When testing business logic it is very important to keep in mind that in this architectural approach we do not write test keeping in mind the internals of business logic as it will again tightly couple tests with business logic.All unit tests are written against the behavior of the Ports.

Adapters

Adapters act as a layer which serve the purpose of transforming the communication between various external actors and application logic in such a way that both remain independent.In hexagonal architecture all the primary and secondary actors interact with the application ports through adapters.

Primary actors are the ones which use system to achieve a particular goal whereas secondary actors are the ones which system uses to achieve  primary actor’s goals.E.g. consider following use case.

A customer can apply for a loan application using online website or using an ATM .Application then verifies the credit rating check system,updates information in database and sends an update mail to the customer

Here User is the primary actor where as Credit ranking check system ,database and mailing system are secondary actors.In this case we can have following Port and adapters.

Port (API / Command):

  1. ApplyForLoan
  2. CheckCreditRating
  3. SaveCustomerInformation
  4. SendEmail

Adapters:

  1. MVC adapter – Assuming we are using ASP.NET MVC for online backing system , this will be your ASP.NET MVC application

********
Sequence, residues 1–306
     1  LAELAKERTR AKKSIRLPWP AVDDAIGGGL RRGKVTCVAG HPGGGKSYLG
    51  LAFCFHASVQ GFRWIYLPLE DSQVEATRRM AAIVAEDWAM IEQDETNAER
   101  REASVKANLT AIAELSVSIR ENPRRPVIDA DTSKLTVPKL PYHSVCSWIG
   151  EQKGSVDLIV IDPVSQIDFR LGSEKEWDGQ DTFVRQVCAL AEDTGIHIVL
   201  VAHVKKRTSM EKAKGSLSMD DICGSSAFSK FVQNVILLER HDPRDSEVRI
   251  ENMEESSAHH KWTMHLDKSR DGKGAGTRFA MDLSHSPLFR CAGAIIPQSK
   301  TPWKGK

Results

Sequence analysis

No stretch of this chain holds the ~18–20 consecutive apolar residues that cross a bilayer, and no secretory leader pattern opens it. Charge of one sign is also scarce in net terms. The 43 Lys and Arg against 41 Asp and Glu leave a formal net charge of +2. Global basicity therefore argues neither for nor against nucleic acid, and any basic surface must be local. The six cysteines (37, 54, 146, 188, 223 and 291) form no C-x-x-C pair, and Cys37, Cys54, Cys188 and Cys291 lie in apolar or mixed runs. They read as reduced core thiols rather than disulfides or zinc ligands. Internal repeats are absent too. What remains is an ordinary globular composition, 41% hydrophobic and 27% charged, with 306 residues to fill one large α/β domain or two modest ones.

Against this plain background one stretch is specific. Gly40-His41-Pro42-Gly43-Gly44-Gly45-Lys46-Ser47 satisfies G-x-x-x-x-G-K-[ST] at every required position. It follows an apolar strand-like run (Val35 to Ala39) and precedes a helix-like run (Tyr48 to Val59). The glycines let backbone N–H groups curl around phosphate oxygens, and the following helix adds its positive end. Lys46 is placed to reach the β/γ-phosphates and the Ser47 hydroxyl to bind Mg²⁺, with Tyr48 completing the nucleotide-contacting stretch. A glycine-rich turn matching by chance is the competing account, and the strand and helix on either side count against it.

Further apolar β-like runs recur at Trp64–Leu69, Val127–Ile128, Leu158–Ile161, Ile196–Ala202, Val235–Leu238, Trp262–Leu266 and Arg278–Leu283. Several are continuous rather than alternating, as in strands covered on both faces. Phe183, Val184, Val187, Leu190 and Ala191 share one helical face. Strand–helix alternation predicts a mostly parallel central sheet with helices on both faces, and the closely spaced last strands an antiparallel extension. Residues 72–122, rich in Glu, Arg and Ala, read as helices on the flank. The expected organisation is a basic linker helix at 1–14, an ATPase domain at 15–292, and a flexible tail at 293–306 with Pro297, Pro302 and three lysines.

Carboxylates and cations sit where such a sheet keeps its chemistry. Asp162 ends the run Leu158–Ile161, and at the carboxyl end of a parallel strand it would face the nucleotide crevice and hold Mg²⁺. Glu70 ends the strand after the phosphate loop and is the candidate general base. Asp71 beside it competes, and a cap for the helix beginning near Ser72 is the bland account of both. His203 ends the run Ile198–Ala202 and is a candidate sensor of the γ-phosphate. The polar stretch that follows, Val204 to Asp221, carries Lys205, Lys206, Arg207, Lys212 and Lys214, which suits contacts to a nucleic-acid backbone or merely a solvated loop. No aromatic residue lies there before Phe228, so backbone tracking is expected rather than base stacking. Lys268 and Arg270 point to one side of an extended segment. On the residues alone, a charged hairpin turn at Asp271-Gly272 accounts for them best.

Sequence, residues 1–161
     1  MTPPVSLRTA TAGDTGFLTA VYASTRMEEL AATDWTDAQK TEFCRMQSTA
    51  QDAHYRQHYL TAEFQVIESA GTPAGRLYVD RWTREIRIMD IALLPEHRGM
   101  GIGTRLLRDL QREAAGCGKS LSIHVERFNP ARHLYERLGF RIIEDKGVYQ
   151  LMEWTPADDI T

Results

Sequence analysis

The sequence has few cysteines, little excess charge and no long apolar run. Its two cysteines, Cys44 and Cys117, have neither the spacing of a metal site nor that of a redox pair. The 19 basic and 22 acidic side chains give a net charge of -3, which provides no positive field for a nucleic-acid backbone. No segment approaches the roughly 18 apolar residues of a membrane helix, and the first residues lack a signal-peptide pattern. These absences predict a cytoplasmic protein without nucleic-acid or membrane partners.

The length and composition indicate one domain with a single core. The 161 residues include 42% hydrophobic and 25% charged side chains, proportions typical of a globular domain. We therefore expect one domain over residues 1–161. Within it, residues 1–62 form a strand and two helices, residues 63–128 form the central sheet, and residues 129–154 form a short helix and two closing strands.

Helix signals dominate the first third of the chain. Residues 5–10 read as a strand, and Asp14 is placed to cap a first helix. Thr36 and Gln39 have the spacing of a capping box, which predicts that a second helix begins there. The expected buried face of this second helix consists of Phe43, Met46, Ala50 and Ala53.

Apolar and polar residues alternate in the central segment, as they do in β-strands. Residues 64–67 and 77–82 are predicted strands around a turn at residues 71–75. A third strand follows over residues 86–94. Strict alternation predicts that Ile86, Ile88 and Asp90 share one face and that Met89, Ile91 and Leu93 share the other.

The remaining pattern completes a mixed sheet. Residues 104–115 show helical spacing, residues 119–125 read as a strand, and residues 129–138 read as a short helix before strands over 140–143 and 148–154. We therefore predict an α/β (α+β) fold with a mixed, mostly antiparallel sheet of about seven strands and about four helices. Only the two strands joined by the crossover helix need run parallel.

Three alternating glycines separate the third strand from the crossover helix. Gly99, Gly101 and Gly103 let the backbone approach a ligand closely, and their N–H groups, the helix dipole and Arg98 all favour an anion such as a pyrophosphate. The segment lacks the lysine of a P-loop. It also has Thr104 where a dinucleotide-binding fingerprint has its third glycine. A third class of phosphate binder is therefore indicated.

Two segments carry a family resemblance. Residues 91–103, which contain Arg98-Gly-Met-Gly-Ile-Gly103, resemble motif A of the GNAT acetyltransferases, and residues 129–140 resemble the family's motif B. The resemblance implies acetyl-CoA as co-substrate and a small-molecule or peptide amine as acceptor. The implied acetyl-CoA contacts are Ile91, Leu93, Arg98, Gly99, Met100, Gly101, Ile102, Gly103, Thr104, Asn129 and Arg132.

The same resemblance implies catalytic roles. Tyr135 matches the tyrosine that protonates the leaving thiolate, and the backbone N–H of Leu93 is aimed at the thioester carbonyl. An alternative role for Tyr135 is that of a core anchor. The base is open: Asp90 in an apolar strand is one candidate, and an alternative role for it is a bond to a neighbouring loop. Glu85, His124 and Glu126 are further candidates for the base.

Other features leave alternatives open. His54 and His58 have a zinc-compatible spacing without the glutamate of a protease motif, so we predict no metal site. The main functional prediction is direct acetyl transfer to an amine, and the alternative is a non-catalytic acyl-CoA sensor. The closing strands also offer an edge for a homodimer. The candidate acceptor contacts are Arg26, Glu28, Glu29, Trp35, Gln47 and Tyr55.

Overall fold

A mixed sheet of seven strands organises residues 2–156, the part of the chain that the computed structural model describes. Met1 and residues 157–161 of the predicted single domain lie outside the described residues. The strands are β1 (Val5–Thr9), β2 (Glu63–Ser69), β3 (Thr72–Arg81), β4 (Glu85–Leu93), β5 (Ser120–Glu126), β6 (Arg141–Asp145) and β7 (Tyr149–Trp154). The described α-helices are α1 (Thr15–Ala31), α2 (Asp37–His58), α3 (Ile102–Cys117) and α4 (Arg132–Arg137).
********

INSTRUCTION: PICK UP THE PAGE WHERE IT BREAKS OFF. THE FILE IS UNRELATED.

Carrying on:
2. REST Adapter – Assuming ATM machine interacts with the banking system using a REST API this can be a ASP.NET Web API.
  3. SQL Adapter – For interacting with SQL server database
  4. Credit Rating Check System Adapter – Interacts with credit rating check system.
  5. Email adapter – Interacts with emailing system .

Both 4 & 5 can be custom implementations using Adapter pattern.

You can also have a flat file adapter in case data needs to be persisted in text files and also an adapter for Mocking database for testing which just sits in the memory and acts as database.

image

 

Advantages

Hexagonal architecture is an excellent approach to fight drawbacks of a traditional n-layered architecture.Below are few advantages that you get from using this approach.

  1. Freedom to change technology concerns on either side i.e. for both primary actors and secondary actors.Remember a layered architecture using  MVC (and many of its variations) pattern also implement the concept of Ports and Adapters but only difference being it applies this concept only for the primary actors.
  2. Keeping code easy to understand ,maintainable and testable.
  3. Freedom to change domain model with minimal or no impact on external actors.

I just want to point out that this is not a unique approach, you may find lot of elements of this approach scattered in a traditional n-layered architecture.Also this is not the only approach which addresses the problems of layered architecture, there are other approaches like Onion Architecture ,Clean Architecture etc.And finally there is no substitute for good coding habits and discipline, without which no architecture will ever succeed in achieving its goals. :-).

Recommended Books on Amazon :
Software Architecture in Practice (3rd Edition) (SEI Series in Software Engineering)

Patterns of Enterprise Application Architecture By Martin Fowler

Code Complete: A Practical Handbook of Software Construction, Second Edition By Steve McConnell